Limit Order in Forex

When you learn forex trading you might have come across the terms stop/loss and limit order. What are they and how they benefit for you to make money from trading?
limit-orderLimit order and Stop/Loss are conditional orders. We call these conditional orders because they will not come into effect unless certain conditions are met. There are two types of conditional order that you can place while trading forex. They are the stop loss (which is also known as stop/loss) and the limit order.

The Stop/Loss
The stop loss is a familiar order that controls the risk involved in a trade. With a stop loss, you are giving instructions to the broker, “If the price goes this far against me, I want out.” So if you have bought a currency pair expecting an increase in price, but then the price falls, your whole account balance will not get wiped out. The stop loss will be triggered when the loss reached at certain level according to your settings and protect the majority of your funds.

A Limit Order
A limit order is similar but applies to the opposite situation, the condition where you have a winning trade. With a limit order, you are instructing the broker, “If the price reaches this level, that’s enough, I’ll close there and take it.” Once set, the limit order will be activated if your pre arranged price (desired profit level) is reached and the trade will be closed at that price.

Many new forex traders are reluctant to use limit orders when they first start out. For them limit order seems counter intuitive. After all if the market is going your way, why would you want to close the trade? Wouldn’t you want to hold on as long as possible to get the most profit out of it? This is a serious mistake committed by many new traders.
The trouble with that approach is that sooner or later the price will reverse, and often it does it sooner rather than later. If you do not place a limit order, when will you close the trade? How will you know when it has gone as far as it is going? If you wait too long, a sudden reversal could see all of your profits wiped out.

So unless you have a system that is set up with very precise criteria to tell you when to close a trade, you will probably be better off if you use limit orders.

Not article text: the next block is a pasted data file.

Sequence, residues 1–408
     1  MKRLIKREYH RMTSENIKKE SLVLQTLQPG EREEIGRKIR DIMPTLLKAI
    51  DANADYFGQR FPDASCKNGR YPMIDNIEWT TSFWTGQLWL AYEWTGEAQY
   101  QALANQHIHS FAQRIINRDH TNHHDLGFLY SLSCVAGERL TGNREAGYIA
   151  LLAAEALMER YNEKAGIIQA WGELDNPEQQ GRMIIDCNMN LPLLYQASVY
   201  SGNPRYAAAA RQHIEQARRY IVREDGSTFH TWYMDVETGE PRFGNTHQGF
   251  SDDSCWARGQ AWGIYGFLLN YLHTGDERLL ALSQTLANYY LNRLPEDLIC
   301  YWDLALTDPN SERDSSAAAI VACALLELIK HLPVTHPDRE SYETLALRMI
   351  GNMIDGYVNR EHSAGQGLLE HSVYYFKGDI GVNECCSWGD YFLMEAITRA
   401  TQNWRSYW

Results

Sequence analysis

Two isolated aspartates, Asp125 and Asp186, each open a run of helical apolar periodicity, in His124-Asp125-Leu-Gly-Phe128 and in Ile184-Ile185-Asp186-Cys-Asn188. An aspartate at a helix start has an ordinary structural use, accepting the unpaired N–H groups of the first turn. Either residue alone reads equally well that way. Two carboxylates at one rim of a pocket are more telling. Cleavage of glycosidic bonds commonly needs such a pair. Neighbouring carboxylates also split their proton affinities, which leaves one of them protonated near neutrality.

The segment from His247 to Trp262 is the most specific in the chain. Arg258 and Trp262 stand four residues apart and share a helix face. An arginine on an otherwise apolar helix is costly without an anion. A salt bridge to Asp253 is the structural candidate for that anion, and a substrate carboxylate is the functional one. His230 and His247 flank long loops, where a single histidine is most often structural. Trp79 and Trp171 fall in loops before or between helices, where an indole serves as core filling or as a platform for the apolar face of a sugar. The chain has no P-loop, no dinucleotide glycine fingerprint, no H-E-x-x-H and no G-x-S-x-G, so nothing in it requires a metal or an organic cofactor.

And where do you set them? Back testing your system can be helpful here. You can check through the last months and years of markets that would trigger a trade under your system and figure out what would have been the optimal setting for the limit order. However remember that past results are not necessarily going to be repeated in the future. Testing your limit order settings in a forex demo account is also useful.

In most cases you will want the limit order to be further from your starting point than your stop loss, even after spread is taken into account. This will mean that you only have to score a 50% success rate to be in profit. Setting the limit order at twice the pips of the stop loss, either before or after spread, might be appropriate. However, this depends on your system. Don’t skip the testing.

Using limit orders has another valuable benefit too. Once you have both stop loss and limit order in place, you can walk away from the computer and get on with your day. Though you won’t get the kind of freedom you can achieve through automated forex trading robots, with limit order and stop/loss in place there is no need to watch every little fluctuation of price until one or the other is triggered. This reduces stress and makes it less likely that you will panic and deviate from your original plan. So using limit orders in forex trades makes for a happier, more profitable trader.
For complete hands-free forex trading I suggest you to get a good automated forex robot like Forex Auto-Pilot Turbo (See FAP Turbo Review) or Forex Megadroid.